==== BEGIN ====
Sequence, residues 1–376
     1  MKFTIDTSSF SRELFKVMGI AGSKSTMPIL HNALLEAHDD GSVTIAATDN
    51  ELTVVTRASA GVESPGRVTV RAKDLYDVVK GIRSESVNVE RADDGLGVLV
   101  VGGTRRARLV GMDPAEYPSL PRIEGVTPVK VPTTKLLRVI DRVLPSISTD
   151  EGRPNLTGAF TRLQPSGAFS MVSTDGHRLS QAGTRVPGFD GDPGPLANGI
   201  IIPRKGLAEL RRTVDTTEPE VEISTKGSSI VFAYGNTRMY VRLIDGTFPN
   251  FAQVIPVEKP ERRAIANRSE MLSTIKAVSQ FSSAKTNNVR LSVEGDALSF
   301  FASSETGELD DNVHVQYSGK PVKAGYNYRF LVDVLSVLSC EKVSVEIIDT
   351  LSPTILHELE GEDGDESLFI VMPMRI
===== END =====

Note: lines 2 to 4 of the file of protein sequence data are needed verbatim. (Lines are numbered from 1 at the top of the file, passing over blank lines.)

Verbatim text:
     1  MKFTIDTSSF SRELFKVMGI AGSKSTMPIL HNALLEAHDD GSVTIAATDN
    51  ELTVVTRASA GVESPGRVTV RAKDLYDVVK GIRSESVNVE RADDGLGVLV
   101  VGGTRRARLV GMDPAEYPSL PRIEGVTPVK VPTTKLLRVI DRVLPSISTD